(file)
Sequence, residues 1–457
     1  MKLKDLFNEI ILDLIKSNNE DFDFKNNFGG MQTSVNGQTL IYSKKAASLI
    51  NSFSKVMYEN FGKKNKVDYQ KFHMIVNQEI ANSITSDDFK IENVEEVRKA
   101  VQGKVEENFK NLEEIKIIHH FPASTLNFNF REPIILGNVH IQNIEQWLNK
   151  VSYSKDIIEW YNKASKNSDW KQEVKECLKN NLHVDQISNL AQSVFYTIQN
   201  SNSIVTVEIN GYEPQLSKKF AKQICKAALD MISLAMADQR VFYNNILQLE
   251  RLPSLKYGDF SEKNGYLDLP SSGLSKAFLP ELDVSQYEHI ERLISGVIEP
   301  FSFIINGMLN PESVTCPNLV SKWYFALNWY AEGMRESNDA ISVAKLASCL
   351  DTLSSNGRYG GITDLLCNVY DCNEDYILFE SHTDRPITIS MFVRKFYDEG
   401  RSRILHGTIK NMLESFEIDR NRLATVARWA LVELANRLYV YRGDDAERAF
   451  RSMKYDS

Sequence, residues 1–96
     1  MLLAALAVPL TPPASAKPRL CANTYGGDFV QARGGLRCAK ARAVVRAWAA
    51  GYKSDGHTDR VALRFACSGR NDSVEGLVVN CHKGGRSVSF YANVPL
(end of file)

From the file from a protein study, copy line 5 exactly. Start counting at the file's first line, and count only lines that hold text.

   151  VSYSKDIIEW YNKASKNSDW KQEVKECLKN NLHVDQISNL AQSVFYTIQN